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Galasso v. Colvin

United States District Court, Ninth Circuit

December 20, 2013

DENISE M. GALASSO, Plaintiff,
v.
CAROLYN W. COLVIN, Acting Commissioner of Social Security, Defendant.

ORDER RE: SOCIAL SECURITY DISABILITY APPEAL

MARY ALICE THEILER, Chief Magistrate Judge.

Plaintiff Denise M. Galasso proceeds through counsel in her appeal of a final decision of the Commissioner of the Social Security Administration (Commissioner). The Commissioner denied Plaintiff's application for Disability Insurance Benefits (DIB) after a hearing before an Administrative Law Judge (ALJ). Having considered the ALJ's decision, the administrative record (AR), and all memoranda of record, the Court REVERSES and REMANDS for further proceedings.

FACTS AND PROCEDURAL HISTORY

Plaintiff was born on XXXX, 1972.[1] She completed high school and two years of college, and has worked as a property manager, homeless shelter coordinator, quality assurance technician, manufacturing laborer and machinist, and radio reporter. (AR 198, 205.)

Plaintiff applied for DIB on June 17, 2009. (AR 79.) That application was denied initially and upon reconsideration, and Plaintiff timely requested a hearing. (AR at 80-82, 87-88, 90.) On July 14, 2011, ALJ Laura Valente held a hearing, taking testimony from Plaintiff and a vocational expert. (AR 28-77.) On August 24, 2011, the ALJ issued a decision finding Plaintiff not disabled. (AR 10-22.) The Appeals Council denied review (AR 1-6), and Plaintiff appealed the Commissioner's decision to this Court.

JURISDICTION

The Court has jurisdiction to review the ALJ's decision pursuant to 42 U.S.C. § 405(g).

DISCUSSION

The Commissioner follows a five-step sequential evaluation process for determining whether a claimant is disabled. See 20 C.F.R. §§ 404.1520, 416.920 (2000). At step one, it must be determined whether the claimant is gainfully employed. The ALJ found Plaintiff had not engaged in substantial gainful activity since March 1, 2006, the original[2] alleged onset date. (AR 12.) At step two, it must be determined whether a claimant suffers from a severe impairment. The ALJ found that Plaintiff's fibromyalgia, anxiety, borderline personality disorder, and depression were severe. (AR 12-13.) Step three asks whether a claimant's impairments meet or equal a listed impairment. The ALJ found that Plaintiff's impairments did not meet or equal the criteria of a listed impairment. (AR 13-14.)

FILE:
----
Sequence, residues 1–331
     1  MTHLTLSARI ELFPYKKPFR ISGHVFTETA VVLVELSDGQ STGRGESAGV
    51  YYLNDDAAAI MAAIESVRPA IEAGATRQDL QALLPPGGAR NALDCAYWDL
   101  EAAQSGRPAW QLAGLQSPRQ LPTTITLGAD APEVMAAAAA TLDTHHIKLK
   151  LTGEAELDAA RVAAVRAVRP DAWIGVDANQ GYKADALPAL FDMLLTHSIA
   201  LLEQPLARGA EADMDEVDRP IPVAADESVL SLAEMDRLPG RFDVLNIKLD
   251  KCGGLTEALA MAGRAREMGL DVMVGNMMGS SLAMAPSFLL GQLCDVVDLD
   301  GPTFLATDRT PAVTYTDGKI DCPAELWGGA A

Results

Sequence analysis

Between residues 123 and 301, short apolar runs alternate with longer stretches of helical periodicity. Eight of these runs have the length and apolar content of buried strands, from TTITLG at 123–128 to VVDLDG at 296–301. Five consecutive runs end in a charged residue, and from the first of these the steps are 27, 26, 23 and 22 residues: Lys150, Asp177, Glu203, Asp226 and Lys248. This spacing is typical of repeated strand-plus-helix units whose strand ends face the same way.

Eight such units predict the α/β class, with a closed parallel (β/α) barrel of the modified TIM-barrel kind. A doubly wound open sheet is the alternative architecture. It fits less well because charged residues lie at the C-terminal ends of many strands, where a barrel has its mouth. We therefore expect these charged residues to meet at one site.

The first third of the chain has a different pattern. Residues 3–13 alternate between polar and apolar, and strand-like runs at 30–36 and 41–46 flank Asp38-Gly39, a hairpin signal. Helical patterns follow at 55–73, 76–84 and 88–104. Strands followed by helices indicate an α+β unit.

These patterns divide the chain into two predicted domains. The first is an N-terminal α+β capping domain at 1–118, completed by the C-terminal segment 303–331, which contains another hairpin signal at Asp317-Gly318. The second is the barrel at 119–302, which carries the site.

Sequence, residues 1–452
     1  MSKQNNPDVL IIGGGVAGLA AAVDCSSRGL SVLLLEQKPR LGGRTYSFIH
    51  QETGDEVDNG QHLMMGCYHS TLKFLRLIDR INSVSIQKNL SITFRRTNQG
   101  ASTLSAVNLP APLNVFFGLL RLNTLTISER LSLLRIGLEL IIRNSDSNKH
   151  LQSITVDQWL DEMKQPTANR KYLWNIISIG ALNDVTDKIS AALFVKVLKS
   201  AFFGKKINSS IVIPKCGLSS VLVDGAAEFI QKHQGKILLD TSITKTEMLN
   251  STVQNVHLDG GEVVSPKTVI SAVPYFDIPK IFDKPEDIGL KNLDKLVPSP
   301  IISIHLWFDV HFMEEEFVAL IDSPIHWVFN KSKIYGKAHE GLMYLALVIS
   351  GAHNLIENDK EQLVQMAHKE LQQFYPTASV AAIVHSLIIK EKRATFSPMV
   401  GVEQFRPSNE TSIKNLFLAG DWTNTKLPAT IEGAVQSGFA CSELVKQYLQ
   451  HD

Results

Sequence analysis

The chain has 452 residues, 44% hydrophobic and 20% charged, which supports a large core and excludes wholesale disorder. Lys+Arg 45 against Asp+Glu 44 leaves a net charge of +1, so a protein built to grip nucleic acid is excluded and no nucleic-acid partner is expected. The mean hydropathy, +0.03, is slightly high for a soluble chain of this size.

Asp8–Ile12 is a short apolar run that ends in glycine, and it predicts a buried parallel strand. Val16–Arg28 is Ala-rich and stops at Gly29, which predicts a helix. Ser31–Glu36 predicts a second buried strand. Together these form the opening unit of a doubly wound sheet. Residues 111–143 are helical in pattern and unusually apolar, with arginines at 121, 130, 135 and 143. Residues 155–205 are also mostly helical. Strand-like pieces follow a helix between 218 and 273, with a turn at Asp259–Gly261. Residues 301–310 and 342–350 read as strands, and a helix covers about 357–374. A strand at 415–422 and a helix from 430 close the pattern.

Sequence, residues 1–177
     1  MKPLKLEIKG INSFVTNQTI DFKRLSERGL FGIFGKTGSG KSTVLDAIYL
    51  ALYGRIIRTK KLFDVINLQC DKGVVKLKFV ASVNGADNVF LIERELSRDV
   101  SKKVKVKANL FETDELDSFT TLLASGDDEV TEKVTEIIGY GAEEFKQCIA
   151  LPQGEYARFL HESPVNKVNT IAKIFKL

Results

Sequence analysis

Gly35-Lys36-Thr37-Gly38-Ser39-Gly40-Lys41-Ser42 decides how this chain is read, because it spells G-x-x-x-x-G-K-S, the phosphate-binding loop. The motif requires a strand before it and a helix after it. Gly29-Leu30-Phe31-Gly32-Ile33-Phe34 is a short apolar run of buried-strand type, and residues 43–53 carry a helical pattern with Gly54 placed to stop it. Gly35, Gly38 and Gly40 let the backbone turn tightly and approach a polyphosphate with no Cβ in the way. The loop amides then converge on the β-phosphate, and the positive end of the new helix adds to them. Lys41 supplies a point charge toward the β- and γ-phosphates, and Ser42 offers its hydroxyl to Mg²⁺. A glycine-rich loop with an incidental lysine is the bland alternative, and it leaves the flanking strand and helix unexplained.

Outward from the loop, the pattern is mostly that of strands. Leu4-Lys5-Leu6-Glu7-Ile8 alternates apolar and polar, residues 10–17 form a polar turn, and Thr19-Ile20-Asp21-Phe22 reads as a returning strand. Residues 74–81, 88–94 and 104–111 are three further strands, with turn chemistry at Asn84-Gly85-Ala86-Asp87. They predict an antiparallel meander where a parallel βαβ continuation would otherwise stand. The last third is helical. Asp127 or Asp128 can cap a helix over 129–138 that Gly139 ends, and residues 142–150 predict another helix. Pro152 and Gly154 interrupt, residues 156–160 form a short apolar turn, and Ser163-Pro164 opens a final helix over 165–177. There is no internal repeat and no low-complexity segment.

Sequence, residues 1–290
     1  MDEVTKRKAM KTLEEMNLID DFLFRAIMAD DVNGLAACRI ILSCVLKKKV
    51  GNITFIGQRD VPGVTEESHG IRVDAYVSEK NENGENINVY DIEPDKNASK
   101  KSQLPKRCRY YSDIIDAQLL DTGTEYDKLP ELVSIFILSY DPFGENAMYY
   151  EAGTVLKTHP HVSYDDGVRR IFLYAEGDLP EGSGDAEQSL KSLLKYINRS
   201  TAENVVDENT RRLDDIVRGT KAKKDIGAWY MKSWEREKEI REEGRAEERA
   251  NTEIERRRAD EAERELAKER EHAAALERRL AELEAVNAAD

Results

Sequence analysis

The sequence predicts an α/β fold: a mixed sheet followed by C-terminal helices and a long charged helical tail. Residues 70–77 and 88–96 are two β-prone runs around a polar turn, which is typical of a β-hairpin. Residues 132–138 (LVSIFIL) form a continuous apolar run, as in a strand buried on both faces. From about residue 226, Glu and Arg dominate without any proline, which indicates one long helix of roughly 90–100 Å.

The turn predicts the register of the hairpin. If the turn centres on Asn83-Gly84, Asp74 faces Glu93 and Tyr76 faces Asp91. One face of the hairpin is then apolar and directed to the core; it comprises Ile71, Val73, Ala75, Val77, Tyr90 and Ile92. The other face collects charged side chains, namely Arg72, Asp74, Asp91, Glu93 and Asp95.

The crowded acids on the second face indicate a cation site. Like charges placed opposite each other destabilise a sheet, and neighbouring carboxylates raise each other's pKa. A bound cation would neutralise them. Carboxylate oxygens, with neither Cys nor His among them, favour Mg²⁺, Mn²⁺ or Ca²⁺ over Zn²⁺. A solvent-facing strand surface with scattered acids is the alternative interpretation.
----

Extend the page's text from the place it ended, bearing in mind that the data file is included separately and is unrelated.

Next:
If a claimant's impairments do not meet or equal a listing, the Commissioner must assess residual functional capacity (RFC) and determine at step four whether the claimant has demonstrated an inability to perform past relevant work. The ALJ found Plaintiff capable of performing less than the full range of light work as defined in 20 C.F.R. §§ 404.1567(b), 416.967(b), such that she can lift and/or carry 20 pounds occasionally and 10 pounds frequently. All of her postural activities are limited to frequent, but she can occasionally climb ladders and crawl. She must avoid concentrated exposure to extreme cold and vibration. The ALJ also found that, mentally, Plaintiff can understand, remember, and carry out simple, routine instructions associated with unskilled work, and that she can understand, remember, and carry out more complex tasks but only for up to two-thirds of a workday. She can understand and carry out work tasks for two hours at a time, with usual and customary breaks, throughout an eight-hour workday. She can work superficially with the general public, and work in coordination with a small group of 1-3 co-workers. She can meet average production standards. (AR 14-20.)

With this assessment, the ALJ found Plaintiff able to perform her past relevant work as a warehouse worker. (AR 20.) She also found that, in the alternative, Plaintiff could perform the requirements of other representative occupations such as bottle packer, laundry folder, and motel cleaner. (AR 20-21.)

This Court's review of the ALJ's decision is limited to whether the decision is in accordance with the law and the findings supported by substantial evidence in the record as a whole. See Penny v. Sullivan, 2 F.3d 953, 956 (9th Cir. 1993). Substantial evidence means more than a scintilla, but less than a preponderance; it means such relevant evidence as a reasonable mind might accept as adequate to support a conclusion. Magallanes v. Bowen, 881 F.2d 747, 750 (9th Cir. 1989). If there is more than one rational interpretation, one of which supports the ALJ's decision, the Court must uphold that decision. Thomas v. Barnhart, 278 F.3d 947, 954 (9th Cir. 2002).

Plaintiff argues the ALJ erred by (1) rejecting the opinions of treating physician Susana Escobar, M.D.; (2) rejecting the opinion of examining psychologist Phyllis Sanchez, Ph.D.; (3) discounting her credibility; (4) rejecting the statement provided by her mother, Linda Galasso; and (5) failing to discuss the observations of Social Security Administration staff. The Commissioner argues that the ...


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